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Mr. Mnuchin, testifying before the House Small Business Committee, appeared to back a proposal from U.S. banks and others who have said the massive lending program should see loans under $150,000 automatically turned into grants.
That would account for 86% of the roughly 4.9 million PPP loans issued to date. Without a change to the law, all those businesses will have to apply to have their loans forgiven, documenting that they used the money on payroll and other qualified expenses.
“One of the things we will talk about is should we just have some forgiveness for the small loans? I think that is something we should consider,” Mr. Mnuchin said. He was testifying at a time when Congress is considering another round of help for businesses struggling during the coronavirus pandemic.
Mr. Mnuchin added that Congress should extend the Paycheck Protection Program in its next round of legislation.
Lawmakers in both parties expressed support Friday for extending help to small businesses. “There are still challenges that are presenting obstacles for the nation’s smallest firms,” said Rep. Steve Chabot of Ohio, the House panel’s top Republican. “We aren’t done yet.”
To date the small-business lending program has distributed about $520 billion, and has about $130 billion remaining available.
Mr. Mnuchin, who has been one of the Trump administration’s main negotiators on pandemic legislation, said Congress should consider allowing the hardest-hit businesses, such as restaurants and hotels, to apply for a second PPP loan. It should also ensure money is set aside for minority-owned small businesses, he said.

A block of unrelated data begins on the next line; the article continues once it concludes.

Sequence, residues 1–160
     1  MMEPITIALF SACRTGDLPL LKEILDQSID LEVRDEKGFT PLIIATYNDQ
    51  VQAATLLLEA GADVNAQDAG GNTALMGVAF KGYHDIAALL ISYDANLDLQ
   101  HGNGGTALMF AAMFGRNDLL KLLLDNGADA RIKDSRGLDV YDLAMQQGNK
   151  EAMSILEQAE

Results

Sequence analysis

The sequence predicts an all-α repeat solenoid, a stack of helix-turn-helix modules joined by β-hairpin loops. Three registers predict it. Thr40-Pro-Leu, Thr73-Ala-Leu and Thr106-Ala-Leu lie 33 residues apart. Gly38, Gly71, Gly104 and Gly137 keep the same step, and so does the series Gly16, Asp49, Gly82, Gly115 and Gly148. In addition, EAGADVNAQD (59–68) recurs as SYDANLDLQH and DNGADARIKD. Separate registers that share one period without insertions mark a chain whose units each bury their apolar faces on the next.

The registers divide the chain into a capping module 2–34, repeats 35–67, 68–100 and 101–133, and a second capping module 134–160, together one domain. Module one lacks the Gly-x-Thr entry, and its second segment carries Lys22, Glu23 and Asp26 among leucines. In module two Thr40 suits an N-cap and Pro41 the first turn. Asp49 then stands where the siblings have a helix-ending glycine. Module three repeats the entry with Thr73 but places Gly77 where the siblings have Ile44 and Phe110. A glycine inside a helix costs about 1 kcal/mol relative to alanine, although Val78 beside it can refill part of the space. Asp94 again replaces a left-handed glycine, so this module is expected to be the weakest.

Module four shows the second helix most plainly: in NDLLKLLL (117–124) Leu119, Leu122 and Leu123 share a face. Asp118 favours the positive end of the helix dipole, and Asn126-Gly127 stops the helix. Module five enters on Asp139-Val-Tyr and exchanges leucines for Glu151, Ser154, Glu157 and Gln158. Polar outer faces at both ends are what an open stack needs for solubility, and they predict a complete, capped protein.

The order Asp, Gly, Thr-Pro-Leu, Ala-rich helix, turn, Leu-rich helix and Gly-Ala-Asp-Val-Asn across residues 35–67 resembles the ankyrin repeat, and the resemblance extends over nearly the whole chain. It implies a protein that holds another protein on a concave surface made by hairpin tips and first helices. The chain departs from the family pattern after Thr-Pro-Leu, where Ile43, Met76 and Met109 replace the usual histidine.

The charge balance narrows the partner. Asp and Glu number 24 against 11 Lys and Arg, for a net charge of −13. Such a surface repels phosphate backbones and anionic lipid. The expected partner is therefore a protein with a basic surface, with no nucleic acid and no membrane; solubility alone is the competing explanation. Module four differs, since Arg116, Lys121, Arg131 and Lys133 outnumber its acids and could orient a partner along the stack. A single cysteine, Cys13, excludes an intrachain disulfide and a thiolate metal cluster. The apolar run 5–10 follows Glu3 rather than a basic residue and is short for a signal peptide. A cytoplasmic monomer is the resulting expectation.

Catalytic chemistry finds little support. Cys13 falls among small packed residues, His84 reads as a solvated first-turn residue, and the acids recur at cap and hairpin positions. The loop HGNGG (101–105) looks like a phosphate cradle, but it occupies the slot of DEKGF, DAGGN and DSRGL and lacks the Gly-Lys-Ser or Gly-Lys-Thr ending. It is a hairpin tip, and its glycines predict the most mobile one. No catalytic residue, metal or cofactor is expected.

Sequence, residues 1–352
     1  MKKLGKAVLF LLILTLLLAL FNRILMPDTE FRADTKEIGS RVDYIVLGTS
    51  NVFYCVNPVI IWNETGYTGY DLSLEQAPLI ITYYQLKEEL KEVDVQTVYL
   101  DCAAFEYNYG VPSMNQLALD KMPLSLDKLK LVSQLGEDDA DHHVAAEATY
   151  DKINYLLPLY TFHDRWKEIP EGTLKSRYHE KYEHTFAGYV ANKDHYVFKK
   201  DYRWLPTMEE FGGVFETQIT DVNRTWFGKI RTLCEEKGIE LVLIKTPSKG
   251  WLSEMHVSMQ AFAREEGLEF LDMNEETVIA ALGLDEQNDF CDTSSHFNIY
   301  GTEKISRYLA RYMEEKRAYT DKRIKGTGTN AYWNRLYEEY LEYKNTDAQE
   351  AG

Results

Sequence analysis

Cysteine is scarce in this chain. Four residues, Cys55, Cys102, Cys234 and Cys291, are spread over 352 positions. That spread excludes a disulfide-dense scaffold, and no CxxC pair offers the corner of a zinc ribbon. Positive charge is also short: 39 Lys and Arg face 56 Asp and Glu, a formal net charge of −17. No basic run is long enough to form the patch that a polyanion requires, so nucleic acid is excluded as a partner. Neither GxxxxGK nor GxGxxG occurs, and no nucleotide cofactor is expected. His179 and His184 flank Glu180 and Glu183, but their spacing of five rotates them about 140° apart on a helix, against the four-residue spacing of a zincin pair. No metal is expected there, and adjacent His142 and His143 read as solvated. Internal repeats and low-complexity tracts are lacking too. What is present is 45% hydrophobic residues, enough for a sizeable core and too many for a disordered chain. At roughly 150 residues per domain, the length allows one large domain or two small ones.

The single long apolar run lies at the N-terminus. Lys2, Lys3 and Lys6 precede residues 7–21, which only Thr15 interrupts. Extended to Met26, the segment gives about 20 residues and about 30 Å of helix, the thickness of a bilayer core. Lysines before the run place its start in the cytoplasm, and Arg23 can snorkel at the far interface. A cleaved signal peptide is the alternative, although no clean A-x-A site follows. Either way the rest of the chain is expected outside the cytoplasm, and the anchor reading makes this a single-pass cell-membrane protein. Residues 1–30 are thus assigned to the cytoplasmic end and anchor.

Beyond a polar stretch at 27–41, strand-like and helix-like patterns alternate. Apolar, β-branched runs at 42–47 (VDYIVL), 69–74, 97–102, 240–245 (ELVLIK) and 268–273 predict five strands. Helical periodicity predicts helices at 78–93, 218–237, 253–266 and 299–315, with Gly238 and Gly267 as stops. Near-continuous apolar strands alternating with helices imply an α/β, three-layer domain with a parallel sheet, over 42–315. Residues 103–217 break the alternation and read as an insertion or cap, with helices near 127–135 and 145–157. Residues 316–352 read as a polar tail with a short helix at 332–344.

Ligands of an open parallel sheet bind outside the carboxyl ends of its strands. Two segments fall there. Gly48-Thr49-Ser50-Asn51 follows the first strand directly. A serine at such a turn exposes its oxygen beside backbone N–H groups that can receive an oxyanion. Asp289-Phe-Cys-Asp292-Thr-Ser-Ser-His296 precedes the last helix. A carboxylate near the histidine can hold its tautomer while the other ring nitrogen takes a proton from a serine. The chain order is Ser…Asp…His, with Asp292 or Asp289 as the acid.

Mr. Mnuchin cautioned that the next version of the PPP might need to have more safeguards to prevent fraud, waste, and abuse.
“I think this time we need to have a revenue test and make sure that money is going to businesses that had significant revenue declines,” he said.
The forgivable loans are currently distributed if businesses self-certify they need the funds, without any requirement that businesses demonstrate they were harmed—a structure that helped distribute massive amounts quickly but that government auditors say creates the potential for abuse.
Businesses stampeded to get PPP loans in April, but demand has subsided and some companies have even returned the funds. Small Business Administrator Jovita Carranza on Friday estimated the program’s total lending at $518 billion, compared with the $521 billion in loans the SBA reported on June 30. She didn’t explain the change.
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